At 10.30 last night one or more helicopters were flying at low altitude over our house (I counted 15 passes).  Three rapid shots, sounding as if they came from an automatic gun of some kind, rang out on a nearby street.

Crowds have  apparently looted and destroyed shops in our neighborhood, including the two pharmacies upon which we depend (It is 8.20 a.m as I write, and I haven’t seen the damage).  On the local listserve a woman neighbor wrote early this morning: “I looked out of my window and there was antifa on the corner opposite the pharmacy” (sic).  Really?!  Were they advertising “antifa”in neón lights?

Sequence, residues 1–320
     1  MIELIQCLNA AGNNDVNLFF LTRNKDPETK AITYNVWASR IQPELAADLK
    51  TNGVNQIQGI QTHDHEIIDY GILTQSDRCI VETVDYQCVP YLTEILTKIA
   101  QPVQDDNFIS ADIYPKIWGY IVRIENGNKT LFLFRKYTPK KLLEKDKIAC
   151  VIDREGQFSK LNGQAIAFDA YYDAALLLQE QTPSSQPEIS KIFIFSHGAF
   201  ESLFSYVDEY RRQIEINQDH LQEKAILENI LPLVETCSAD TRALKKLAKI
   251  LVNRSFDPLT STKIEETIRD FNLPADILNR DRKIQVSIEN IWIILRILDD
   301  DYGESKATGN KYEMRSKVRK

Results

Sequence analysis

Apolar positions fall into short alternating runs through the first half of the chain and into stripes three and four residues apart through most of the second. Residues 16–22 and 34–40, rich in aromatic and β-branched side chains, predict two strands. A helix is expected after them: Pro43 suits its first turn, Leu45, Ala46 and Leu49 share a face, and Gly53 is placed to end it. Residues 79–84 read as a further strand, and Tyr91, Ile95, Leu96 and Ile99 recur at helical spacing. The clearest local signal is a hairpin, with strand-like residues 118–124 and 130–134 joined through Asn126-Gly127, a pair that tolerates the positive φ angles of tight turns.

And this is America?!

 

 

Misleading figures on US annual flu deaths

At a White  House briefing in late February Donald Trump reassured the nation that there was little chance of the virus causing significant disruption, and that the flu kills from 25,000 people to 69,000 people a year. The coronavirus would be no worse than the flu, and who noticed flu deaths particularly? In April further comparisons with the flu persuaded people that, since the comparison with flu was apparently holding, the country should be reopened for business.